Vittorio the Vampire

by: Anne Rice

Anne Rice has always used her writing to explore and express her exploration of religion and faith through entertainment. Vittorio the Vampire is no exception. Memnoch the Devil and Christ the Lord: Out Of Egypt were also heavy handed with religious overtones. Other Rice books have had similar themes, but not so blatant as in these two novels and Vittorio. I struggled with Memnoch. It was a tough read. Even with my hero, Lestat the Brat Prince, but Vittorio is as clear as dew on morning blades of grass.

“I felt ravaged, and with both hands in a fantasy I reached out for her figure as we ran together through the meadow which belonged only to us and to which these others could never be admitted.”

The timeline and location are set in a Renaissance Italy. Specifically in the hills of the illustrious Tuscany, and a small bit in the streets of Florence. Visually, the tale is told with perfect elegance, always with the detail of an accountant and flourish of a poet. With Rice’s descriptive writing she brings vivid colors and a lost culture alive. You almost can feel and smell the Tuscany air. Vittorio, the young Lord of his lands that have been untouched by war or violence. Despite his affection, he leaves and has found a passion and love for art in his teachings in Florence. When he returns home the describing of Fra Filippo’s artwork is painted in such detail it’s impossible as a reader to not imagine it.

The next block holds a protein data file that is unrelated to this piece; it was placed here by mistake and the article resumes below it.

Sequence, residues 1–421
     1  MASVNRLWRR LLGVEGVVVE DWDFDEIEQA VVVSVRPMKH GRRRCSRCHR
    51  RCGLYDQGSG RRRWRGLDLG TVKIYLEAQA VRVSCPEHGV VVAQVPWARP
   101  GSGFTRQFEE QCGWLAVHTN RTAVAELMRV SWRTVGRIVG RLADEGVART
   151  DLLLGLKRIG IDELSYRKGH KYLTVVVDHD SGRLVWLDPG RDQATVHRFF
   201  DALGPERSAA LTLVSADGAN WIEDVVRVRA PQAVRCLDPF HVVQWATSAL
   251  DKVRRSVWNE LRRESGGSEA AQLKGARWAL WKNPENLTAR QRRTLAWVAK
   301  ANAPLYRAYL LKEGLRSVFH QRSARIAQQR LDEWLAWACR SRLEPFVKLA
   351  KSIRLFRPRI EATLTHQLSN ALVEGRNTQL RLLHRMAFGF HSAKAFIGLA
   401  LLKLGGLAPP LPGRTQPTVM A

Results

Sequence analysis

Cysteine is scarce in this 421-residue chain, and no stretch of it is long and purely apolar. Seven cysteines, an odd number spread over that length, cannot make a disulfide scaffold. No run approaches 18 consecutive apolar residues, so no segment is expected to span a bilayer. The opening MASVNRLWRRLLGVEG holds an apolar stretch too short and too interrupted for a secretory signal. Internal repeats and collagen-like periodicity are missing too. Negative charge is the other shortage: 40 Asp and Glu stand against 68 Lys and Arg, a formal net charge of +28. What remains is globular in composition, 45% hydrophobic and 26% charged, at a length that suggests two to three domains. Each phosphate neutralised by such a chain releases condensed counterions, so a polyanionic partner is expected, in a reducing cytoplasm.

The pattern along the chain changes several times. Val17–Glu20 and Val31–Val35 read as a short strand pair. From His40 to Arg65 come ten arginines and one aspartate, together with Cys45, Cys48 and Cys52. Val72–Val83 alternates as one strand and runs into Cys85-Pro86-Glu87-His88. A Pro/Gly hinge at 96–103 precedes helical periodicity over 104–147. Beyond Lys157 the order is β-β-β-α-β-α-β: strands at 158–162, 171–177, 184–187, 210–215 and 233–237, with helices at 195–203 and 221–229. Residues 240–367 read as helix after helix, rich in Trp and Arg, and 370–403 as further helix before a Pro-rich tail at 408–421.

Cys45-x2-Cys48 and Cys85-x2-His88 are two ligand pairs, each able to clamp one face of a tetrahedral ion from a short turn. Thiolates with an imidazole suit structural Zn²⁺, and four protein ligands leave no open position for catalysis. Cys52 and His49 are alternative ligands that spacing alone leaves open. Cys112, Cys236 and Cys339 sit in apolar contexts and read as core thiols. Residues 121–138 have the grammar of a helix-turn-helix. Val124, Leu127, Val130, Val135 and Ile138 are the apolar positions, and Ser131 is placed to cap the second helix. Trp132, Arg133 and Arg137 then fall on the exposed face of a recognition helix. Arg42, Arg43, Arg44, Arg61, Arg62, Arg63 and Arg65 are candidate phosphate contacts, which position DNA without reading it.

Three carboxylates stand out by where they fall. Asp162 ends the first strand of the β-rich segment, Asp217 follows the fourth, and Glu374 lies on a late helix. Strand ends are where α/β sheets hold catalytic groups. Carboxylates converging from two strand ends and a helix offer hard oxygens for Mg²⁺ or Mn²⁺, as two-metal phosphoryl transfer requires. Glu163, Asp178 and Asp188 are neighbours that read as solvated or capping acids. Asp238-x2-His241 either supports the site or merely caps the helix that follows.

As in the Vampire Armand and his love for Botticelli, we see how Fra Filippo becomes an important set piece in pushing the plot forward. There is a strong contrast in his personal life and his life as an artist. Each side couldn’t be more opposing. He paints angels and light and beauty, while his personal life is riddled with disaster and evildoing. Vittorio’s journey becomes parallel to this. He is inherently good, wronged by evil, and condemned himself with revenge on creatures beyond his comprehension other than “demons”. His righteous attempts to redeem himself and his family fail miserably, especially after he falls in love with the vampire Ursula who represents all that is wrong with his world, and yet he still loves her adoringly.

“The sun shocked me, and made me sicken, yet how I wanted it, how I longed for it, and yet it rebuked me and seemed to scourge me as if it were a whip.”

This inner conflict continues throughout the tale and surprisingly Vittorio is not made Vampire till the final pages, but by then one realizes the story was not about him becoming a vampire at all. The symbolism the creature vampire carries in the story is all the relevance you need to understand the point, which is quite beautiful.

The final pages of the story end like a lovely sunset on the ocean. Beautiful, entrancing, and eternal.

“What am I? Do I live? Or am I walking always in death, forever in love with time?”

Vittorio wasn’t my favorite of Anne Rice’s novels, nor even a favorite of The Vampire Chronicles. Nonetheless, it had some of the most beautiful writing, visualization, and ideals of anything she has put in print that my eyes have laid upon to date. Get lost in Renaissance Italy, love, language, and the constant journey of self-discovery and finding our place in the world.

Rating: 3/5 Stars

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